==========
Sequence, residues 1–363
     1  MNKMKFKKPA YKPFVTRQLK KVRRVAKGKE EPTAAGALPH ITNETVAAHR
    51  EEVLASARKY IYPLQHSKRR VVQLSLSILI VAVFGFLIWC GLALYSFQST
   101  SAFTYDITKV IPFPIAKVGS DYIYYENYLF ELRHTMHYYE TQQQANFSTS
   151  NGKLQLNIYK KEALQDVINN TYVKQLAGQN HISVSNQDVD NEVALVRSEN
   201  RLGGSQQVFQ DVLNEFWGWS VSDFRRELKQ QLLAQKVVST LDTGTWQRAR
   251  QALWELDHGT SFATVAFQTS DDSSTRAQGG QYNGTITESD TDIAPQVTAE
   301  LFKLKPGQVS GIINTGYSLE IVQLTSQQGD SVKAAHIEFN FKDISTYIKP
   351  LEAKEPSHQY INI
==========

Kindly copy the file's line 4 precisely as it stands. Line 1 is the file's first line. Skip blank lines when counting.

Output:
   101  SAFTYDITKV IPFPIAKVGS DYIYYENYLF ELRHTMHYYE TQQQANFSTS